Inside the Final Days of JFK Jr. and Wife Carolyn: They 'Didn't Know What Was Going to Happen In Their Relationship'
John F. Kennedy told a confidant he was "afraid of being alone" but knew that something had to change in his marriage to Carolyn Bessette
After John F. Kennedy Jr. wed Carolyn Bessette on Georgia’s Cumberland Island on Sept. 21, 1996, he thought the press would lose interest in his love life. After all, he would no longer be the happily shirtless bachelor whose dating life was chronicled as if he was an A-list star.
He couldn’t have been more wrong.
Nearly 20 years after the plane crash that killed John, Carolyn and her sister Lauren Bessette, a new biography by historian Steven M. Gillon, America’s Reluctant Prince, offers new insight into the complications of their young marriage.
“They were both very passionate,” says Gillon, who met John when he was a teaching assistant for a Brown University history class John attended. Their relationship turned into an 18-year friendship.
“John believed once he got married, the press would leave him alone,” Gillon continues. “He’d no longer be America’s most eligible bachelor. He’d be another married guy. And just the opposite happened.”
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Gillon says Carolyn, a fashion publicist who met John while she was working at Calvin Klein, “had a difficult time adjusting” to the sometimes harsh spotlight in which John was raised.
“The paparazzi treated Carolyn horribly,” Gillon says.
John, who had grown up surrounded by cameras since birth, didn’t understand how challenging it was for her and didn’t always know how to help. (He declined to hire security for them, thinking it would only increase the attention.)
The pressure strained their union.
Over time, John grew concerned as Carolyn grew more reclusive and often chose to stay home where she felt safe. At one point he asked close friend Sasha Chermayeff to invite her out for a drink. Chermayeff was surprised when Carolyn asked her, “How do you keep the passion in your relationship?”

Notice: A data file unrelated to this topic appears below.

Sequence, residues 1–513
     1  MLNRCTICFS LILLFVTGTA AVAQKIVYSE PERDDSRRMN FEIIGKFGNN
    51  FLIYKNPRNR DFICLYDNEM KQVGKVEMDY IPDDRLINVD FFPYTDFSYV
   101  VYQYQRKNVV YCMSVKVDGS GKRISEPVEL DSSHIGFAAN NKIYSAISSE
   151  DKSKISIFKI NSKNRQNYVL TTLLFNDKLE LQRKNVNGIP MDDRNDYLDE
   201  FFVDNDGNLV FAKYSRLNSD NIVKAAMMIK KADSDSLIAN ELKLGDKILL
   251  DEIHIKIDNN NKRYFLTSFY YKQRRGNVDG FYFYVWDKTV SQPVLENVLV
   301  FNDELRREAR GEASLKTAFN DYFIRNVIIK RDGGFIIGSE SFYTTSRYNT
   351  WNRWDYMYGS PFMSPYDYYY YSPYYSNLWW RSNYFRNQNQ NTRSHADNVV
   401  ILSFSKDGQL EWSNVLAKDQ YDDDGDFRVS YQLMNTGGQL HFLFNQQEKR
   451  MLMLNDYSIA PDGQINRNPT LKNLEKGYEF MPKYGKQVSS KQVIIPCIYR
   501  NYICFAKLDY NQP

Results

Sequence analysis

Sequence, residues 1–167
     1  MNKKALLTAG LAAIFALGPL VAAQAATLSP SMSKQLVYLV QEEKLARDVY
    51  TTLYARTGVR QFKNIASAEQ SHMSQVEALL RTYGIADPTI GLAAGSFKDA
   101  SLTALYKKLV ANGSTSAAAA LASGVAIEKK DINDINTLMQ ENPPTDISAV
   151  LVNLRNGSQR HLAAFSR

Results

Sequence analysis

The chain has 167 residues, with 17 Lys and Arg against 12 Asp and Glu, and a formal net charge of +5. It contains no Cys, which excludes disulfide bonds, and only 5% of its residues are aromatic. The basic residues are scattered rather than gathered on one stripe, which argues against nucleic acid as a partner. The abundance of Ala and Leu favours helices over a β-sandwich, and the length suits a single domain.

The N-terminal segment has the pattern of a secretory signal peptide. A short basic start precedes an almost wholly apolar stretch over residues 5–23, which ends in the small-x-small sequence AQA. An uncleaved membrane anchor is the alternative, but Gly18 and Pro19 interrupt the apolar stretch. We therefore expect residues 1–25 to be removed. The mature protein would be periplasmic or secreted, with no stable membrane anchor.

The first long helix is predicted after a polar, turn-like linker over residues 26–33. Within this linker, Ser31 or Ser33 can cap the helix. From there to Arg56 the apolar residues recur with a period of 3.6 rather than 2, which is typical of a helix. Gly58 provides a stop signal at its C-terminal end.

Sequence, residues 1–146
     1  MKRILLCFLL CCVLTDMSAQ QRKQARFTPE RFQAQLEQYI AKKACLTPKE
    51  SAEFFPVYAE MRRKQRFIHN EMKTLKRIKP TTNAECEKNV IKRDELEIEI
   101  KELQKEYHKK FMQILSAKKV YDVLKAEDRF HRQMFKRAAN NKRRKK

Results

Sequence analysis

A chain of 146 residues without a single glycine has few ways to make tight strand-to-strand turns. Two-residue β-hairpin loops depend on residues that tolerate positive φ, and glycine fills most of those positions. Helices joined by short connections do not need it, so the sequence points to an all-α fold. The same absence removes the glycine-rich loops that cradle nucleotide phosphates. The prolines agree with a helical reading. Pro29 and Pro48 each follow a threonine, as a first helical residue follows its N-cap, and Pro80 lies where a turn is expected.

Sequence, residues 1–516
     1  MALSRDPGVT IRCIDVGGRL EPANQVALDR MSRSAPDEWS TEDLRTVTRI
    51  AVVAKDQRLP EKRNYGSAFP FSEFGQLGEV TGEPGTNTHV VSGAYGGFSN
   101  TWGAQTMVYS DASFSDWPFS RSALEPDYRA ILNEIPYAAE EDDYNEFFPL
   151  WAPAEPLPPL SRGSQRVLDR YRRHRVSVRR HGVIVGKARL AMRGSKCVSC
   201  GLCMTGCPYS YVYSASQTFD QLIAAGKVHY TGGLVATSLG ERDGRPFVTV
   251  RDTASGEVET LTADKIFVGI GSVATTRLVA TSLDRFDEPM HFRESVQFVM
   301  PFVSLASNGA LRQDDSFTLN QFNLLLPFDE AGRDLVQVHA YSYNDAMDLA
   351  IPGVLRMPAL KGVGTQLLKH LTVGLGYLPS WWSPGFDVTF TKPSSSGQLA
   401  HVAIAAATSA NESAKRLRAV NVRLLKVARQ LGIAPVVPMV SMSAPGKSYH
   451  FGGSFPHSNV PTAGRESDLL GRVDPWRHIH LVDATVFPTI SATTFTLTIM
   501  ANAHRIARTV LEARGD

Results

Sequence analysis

According to Gillon, “Sasha was struck that they’d been married for less than year and she was already concerned about keeping the flame going.”
Their relationship was tempestuous: a lot of love but challenges too, including a caught-on-tape argument in Central Park a few months before their wedding.
Carolyn, Gillon says, “was fiercely protective of John and felt that he let people take advantage of him. She wanted him to stand up for himself.”
Known for her generosity, Carolyn loved to take staffers at John’s magazine, George, out for drinks and meals and she often showed up with spontaneous gifts for their friends.
At the same time, Gillon says, “She felt trapped. Many close friends suspected that she had been self-medicating with drugs. The media was hounding her and she couldn’t figure out how to have a career. She was uncomfortable going out.”
In the last year of his life, John also felt his world closing in. His best friend and cousin, Anthony Radziwill, was dying of cancer, his magazine needed funding and his marriage was struggling.
“The two most meaningful relationships in his life were coming to an end,” says Gillon.
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John and Carolyn had been talking about starting a family and had looked at homes outside of Manhattan. “That was something that was very important to John. He wanted to have kids,” Gillon tells PEOPLE. “But Carolyn was not ready. She’d say ‘Your best friend is dying, the paparazzi are following us. This is not the time to start talking about having a family.’ “
The summer of ’96, Gillon says, John “told a friend that he was going to separate from Carolyn, letting her know how serious things were and that they needed to make changes.”
In his final days, as he was contemplating a run for New York governor in 2002, John worried about the stress on his wife.
He spent his last few nights before the crash at the Stanhope Hotel where he met his former girlfriend Julie Baker, with whom he had remained close. “John told her he was afraid of being alone,” says Gillon.
The future was uncertain, but it’s not clear what would have happened. At the last minute, Carolyn decided to join her husband at the wedding of his cousin Rory Kennedy, scheduled for July 17, 1999. Their plane never made it.
“She’s still making an effort to make things work,” says Gillon. “And John has ideas to keep George going. There’s evidence his relationship could have been saved. Right up until the time he dies, he’s fighting to turn his life around.”
The endless speculation over their marriage only increased after they were killed.
“John and Carolyn were wonderful people. They fell in love, they had a stunning, dreamlike wedding,” says Chermayeff, their friend. “I don’t know what would have come to pass had they not night died that night 20 summers ago — and no one does.”
As Gillon sees it, “One of John’s closest friends told me, ‘If anyone tells you they know what was going to happen in that relationship, they’re lying. John and Carolyn didn’t know what was going to happen in their relationship.’ “